Tuesday, September 24, 2013

Dreams, Blood, Sweat and Tears: The Four Stages of Novel Development

Since this is my 100th post on this blog, I think it makes sense for me to take a step back from the minutiae of independent publishing and look at my overall process from beginning to end. Hopefully, you'll find something here to steal for your own work, or at least look at your creative process a different way.

Like everything else I've done, this process isn't original. I've borrowed some elements from my days working at a Japanese animation studio and some ideas came from watching the creative process unfold when I worked at Marvel Comics. The workflow I use could be valid for creating all types of commercial entertainment, but I don't have enough experience to confirm that.

The Four Stages

Novel development at Nightlife Publishing has four phases: pre-production, production, post-production and launch. I'll try to describe each one in order and link to other relevant articles that I have posted.

Stage 1: Pre-Production (The Dreaming Stage)

This is where we think up stories. We gather ideas, follow inspiration and collect research for our half dreamed masterpiece. For those of us who plot, this is where the building blocks of the story are laid out. For those of us who don't plot, the writing might begin at the first spark of an idea. All of us see a work of art taking shape in the fog of our imagination.

Related articles:

Stage 2: Production (The Sweat Stage)

This is where the fantasy of ideas meets the reality of writing. Here, we wrestle with setting, characters, pace, plot, conflict, dialogue, language and the gap between expectations and results. Some of us produce a steady word count every day in a dedicated writing space. Others squeeze chapters out on our smartphones during our morning commute. This is the first major obstacle for a novel. Anyone can get an idea for a story. Fewer people have the stamina and willpower to forge an idea into a manuscript.

Related articles:

Stage 3: Post-Production (The Blood Stage)

The rough shaped gem we've mined from the depths of our subconscious needs to be honed before it will be a jewel that sits alongside other best-sellers. Self-editing, beta testing, professional editing, formatting and other quality control measures give our books a professional polish.

This can be a painful stage for two reasons. First, many of our cherished dialogue, characters and concepts might not survive this stage. Second, this is where the book transforms from a low cost creative expression to a project that costs money.

(Ouch. That's why I refer to it as the blood phase.)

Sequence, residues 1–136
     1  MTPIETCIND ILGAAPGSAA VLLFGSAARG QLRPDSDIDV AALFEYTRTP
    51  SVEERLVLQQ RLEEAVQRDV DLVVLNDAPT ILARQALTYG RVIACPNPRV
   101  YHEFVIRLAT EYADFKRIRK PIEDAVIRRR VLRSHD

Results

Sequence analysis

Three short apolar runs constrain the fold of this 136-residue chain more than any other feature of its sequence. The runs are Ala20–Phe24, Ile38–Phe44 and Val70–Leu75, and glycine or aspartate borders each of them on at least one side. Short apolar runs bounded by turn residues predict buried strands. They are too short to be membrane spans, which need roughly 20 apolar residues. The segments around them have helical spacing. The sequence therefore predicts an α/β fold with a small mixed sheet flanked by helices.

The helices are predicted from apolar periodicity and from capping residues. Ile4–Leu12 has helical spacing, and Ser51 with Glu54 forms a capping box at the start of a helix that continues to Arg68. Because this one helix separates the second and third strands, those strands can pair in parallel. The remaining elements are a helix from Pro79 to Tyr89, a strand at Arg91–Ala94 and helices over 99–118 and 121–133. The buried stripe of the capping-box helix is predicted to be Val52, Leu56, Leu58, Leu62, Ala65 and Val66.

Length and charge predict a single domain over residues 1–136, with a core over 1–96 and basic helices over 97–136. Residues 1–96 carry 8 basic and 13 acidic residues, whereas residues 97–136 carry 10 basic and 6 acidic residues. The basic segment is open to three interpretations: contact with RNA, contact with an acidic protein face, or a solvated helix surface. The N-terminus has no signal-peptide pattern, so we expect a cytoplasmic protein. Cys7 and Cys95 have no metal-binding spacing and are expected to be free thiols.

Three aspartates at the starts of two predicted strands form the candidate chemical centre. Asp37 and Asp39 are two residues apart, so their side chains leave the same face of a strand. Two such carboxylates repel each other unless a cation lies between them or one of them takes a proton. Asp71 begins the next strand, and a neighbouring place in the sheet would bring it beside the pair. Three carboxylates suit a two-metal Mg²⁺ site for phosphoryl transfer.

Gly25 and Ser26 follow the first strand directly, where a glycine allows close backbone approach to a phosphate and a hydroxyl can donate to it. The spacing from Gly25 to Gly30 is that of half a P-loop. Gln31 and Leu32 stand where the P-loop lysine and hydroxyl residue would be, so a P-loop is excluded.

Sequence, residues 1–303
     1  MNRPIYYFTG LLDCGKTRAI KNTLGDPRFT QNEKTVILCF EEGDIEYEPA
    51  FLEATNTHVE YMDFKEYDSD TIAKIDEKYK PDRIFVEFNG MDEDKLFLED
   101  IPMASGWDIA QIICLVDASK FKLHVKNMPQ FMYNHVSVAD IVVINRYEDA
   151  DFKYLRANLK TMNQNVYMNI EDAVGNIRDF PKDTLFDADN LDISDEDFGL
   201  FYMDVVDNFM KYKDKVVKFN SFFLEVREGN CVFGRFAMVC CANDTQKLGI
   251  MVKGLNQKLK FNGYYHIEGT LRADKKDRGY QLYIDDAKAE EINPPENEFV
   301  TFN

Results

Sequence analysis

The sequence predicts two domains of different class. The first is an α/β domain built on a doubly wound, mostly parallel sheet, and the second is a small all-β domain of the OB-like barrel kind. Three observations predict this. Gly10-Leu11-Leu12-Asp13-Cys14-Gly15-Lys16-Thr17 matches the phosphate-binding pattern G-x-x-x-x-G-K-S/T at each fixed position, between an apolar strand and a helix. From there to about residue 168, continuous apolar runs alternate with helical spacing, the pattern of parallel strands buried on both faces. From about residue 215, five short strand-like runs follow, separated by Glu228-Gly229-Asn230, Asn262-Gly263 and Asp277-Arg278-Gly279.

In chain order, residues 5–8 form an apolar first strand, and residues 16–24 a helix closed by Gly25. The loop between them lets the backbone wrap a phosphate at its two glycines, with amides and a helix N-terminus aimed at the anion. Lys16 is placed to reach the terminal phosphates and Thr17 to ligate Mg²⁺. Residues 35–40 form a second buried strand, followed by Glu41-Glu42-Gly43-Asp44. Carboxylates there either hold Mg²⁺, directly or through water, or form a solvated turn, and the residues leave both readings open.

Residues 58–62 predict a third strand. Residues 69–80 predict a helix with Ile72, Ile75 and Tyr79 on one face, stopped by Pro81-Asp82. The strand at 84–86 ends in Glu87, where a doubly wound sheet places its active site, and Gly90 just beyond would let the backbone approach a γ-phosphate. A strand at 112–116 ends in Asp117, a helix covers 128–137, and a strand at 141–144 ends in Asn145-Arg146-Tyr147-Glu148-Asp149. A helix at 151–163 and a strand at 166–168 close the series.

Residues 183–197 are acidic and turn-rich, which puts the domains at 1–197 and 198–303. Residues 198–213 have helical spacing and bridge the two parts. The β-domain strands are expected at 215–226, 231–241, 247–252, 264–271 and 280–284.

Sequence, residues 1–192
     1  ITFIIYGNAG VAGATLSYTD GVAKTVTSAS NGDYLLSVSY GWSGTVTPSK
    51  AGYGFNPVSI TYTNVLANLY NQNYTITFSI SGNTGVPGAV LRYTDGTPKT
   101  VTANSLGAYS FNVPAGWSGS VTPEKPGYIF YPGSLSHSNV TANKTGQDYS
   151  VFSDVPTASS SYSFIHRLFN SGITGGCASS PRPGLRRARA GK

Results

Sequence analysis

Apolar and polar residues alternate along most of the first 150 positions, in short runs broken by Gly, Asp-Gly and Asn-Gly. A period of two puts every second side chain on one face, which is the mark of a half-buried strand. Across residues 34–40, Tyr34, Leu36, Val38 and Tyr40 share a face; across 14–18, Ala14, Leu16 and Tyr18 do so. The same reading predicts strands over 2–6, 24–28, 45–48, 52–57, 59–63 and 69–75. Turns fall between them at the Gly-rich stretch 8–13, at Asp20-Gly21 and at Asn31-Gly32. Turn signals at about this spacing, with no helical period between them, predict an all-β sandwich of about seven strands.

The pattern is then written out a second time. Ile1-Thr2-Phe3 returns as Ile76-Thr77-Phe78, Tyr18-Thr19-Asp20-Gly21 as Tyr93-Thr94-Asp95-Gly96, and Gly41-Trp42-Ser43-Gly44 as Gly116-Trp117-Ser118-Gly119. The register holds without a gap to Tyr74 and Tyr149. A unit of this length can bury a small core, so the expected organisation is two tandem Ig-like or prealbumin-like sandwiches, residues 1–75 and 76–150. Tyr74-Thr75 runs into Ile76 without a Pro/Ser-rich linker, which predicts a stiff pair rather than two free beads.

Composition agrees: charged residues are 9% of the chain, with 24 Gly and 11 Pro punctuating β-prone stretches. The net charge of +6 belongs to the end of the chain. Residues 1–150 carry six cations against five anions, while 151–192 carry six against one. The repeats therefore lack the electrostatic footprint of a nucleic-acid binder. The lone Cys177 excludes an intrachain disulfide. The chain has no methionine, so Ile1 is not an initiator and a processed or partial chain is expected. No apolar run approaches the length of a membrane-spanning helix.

Related articles:
Stage 4: Launch (The Tears Stage)

At a certain point, our creation needs to leave the protective nest of our computer and rise or fall as a published work. We can help it along with marketing, advertising and social media, but at some point your readers will be alone with your work to measure it on its own merits.

This stage can produce two types of tears. You might experience tears of joy when you get good reviews, positive feedback, sales, fame, fortune and immortality. You might simply cry tears of pain because people reject your book, regardless of how much work you put into it. In my experience, both types of tears come with every book.

Related articles:

Manipulating the Process

The main reason I created a process for publishing my work is to improve efficiency. Each stage of the process requires a different level of time, energy and money. By spreading my work out across each stage, I can increase my library of titles without using up any one resource.

For instance, I currently have one novel that was recently released (launch stage), one novel that is going out to beta readers this week (post production), one that I'm 20% done with the first manuscript (production) and three books that are in various stage of development (pre-production). When time and circumstances permit, I flow back and forth from one project to another. Everything works out, as long as I'm always doing something but not trying to do everything at once.

Stealing a Good Idea

This process won't work for everyone. Some people won't have the time. Others might feel it is too industrial and counter to the way their creativity works. There's no problem with that. I put together something that works for me. If you'd like to steal it, be my guest. If not, I still make the same amount of money from posting this (i.e. nothing).

If you'd like to share your own publishing process, I'd like to hear it. I'm not above stealing a good idea.

Have fun.


  1. I find your post very encouraging - I'm in the post-production phase...and blood has been split...and I'm not even as far as the money spending.

    1. It's all worth it Teagan. We appreciate the finished product more when there is a struggle to create it.